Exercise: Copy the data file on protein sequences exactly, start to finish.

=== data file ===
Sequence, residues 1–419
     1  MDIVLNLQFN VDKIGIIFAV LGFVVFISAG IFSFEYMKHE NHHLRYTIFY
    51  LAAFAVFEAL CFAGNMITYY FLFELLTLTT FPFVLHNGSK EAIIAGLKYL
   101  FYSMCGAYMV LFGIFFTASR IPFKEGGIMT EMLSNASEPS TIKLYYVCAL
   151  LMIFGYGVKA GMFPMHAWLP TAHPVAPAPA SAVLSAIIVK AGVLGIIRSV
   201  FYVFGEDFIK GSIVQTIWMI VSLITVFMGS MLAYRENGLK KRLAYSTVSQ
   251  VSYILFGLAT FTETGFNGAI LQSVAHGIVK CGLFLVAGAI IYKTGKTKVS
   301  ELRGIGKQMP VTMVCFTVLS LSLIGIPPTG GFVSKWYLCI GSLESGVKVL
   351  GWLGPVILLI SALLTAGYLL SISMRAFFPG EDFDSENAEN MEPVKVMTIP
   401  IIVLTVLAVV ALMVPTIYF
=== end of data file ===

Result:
Sequence, residues 1–419
     1  MDIVLNLQFN VDKIGIIFAV LGFVVFISAG IFSFEYMKHE NHHLRYTIFY
    51  LAAFAVFEAL CFAGNMITYY FLFELLTLTT FPFVLHNGSK EAIIAGLKYL
   101  FYSMCGAYMV LFGIFFTASR IPFKEGGIMT EMLSNASEPS TIKLYYVCAL
   151  LMIFGYGVKA GMFPMHAWLP TAHPVAPAPA SAVLSAIIVK AGVLGIIRSV
   201  FYVFGEDFIK GSIVQTIWMI VSLITVFMGS MLAYRENGLK KRLAYSTVSQ
   251  VSYILFGLAT FTETGFNGAI LQSVAHGIVK CGLFLVAGAI IYKTGKTKVS
   301  ELRGIGKQMP VTMVCFTVLS LSLIGIPPTG GFVSKWYLCI GSLESGVKVL
   351  GWLGPVILLI SALLTAGYLL SISMRAFFPG EDFDSENAEN MEPVKVMTIP
   401  IIVLTVLAVV ALMVPTIYF